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"Graphic Design" Category

STILLS, The Frozen Image

Sunday, December 4, 2011

This essay by Elki Boerdam is about a new type of image: the still. A stopped movement. A scene frozen in time, a paused frame.
Its a mysterious image. Filled with references, context and suggestions. You feel there is more to see than that one frame, that there is a story. And that this is just a flash out of a bigger thing.
Its a type of image that requires intense participation from the reader. It asks questions about recognition, relation and reference.
This investigation explores this new kind of image. Trying to define it by placing it in an art environment. Could the still be seen as an autonomous artwork? Is the context the still gives us really important for the meaning of the image? And does a still always needs to stand still? The still is a sort of image not to be overlooked and that is getting more and more importance every day. For normal users as well as artists and designers.

download thesis: STILLS, Het Vastgevroren Beeld  download reader: STILLS, In Text [Reader]
publications will be translated in english soon. Use 'comments' for english request


Something Else . . .

Saturday, May 15, 2010


This is the opening sentence of “Rules” a graduation essay written by Ayumi Higuchi in which she investigates the impact rules have or can have on the process of cause and effect in the creative process. A story that drags you into the exiting process of research where every question or statement leads to two others.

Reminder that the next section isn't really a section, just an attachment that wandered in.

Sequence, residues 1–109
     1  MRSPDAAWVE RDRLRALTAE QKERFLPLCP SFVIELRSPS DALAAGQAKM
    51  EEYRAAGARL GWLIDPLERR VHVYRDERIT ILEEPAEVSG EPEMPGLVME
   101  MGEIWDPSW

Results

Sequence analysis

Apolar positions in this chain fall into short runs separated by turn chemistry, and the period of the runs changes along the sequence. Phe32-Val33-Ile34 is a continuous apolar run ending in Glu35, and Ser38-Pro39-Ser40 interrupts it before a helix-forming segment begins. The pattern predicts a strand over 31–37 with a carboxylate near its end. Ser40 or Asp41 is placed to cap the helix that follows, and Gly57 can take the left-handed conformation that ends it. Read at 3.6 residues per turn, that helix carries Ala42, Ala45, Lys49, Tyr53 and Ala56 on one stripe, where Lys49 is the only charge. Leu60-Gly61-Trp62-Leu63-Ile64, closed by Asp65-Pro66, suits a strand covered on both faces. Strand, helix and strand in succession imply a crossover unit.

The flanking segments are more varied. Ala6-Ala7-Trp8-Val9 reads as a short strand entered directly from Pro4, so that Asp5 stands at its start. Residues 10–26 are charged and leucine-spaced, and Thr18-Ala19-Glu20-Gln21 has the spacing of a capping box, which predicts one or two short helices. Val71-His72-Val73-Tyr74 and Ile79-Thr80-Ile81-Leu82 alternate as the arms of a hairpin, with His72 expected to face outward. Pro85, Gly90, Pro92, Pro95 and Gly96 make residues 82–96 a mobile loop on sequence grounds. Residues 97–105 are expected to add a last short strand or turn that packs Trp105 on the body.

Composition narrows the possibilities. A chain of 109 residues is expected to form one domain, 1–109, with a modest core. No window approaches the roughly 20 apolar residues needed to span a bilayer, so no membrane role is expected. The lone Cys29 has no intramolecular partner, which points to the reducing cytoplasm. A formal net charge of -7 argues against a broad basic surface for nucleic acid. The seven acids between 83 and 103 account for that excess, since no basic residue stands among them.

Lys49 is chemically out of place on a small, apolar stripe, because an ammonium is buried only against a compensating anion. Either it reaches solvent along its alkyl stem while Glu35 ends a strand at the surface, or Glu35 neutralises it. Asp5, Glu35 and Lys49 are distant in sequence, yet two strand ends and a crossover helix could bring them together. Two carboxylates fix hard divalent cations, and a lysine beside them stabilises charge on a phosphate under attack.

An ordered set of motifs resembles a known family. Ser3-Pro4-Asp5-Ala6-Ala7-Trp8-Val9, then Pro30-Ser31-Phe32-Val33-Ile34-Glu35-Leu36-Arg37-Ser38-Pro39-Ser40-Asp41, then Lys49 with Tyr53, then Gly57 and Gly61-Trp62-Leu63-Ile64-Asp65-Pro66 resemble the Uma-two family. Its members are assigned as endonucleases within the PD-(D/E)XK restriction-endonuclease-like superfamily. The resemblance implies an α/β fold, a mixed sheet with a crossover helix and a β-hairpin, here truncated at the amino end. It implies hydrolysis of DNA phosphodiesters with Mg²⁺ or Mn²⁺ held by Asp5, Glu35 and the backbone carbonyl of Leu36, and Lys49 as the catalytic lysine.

Using interviews as a platform to ask questions and create interaction, she involves Jan Groenewold (physician-chef), Luna Maurer and Jonathan Puckey (graphic designers), Snejanka Mihaylova (philosopher-writer-artist) and Peter van Bergen (musician-composer) to talk about the subject from the perspective of their specific discipline.
Look for yourself how she illustrates this story with many images and quotes dragging you deeper into the matter every page, creating in depth understanding. Munari, Wittgenstein, 9/11, John Cage, mixing politics with art and science with nature to get her point across.

Ayumi visited us in April 2010 to present a workshop in which she planted the seed of understanding using Bruno Munari‘s observations; [] We can establish a rule of growth: the branch that follows is always slenderer than the one before it (Drawing a Tree).
Providing us with a trunk and applying two simple rules to it: The branch that follows must be slimmer than the one before -and- the tree must be symmetric, it quickly became clear that there are many rules behind complex and organic circumstances.


download this research essay: “RULES”, there are rules behind complex and organic structures

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